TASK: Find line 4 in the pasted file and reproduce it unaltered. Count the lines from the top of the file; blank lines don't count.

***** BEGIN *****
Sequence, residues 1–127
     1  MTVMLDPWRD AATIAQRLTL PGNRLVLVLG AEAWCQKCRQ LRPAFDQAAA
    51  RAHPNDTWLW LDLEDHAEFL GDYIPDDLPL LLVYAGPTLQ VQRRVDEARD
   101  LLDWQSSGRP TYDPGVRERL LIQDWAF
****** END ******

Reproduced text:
   101  LLDWQSSGRP TYDPGVRERL LIQDWAF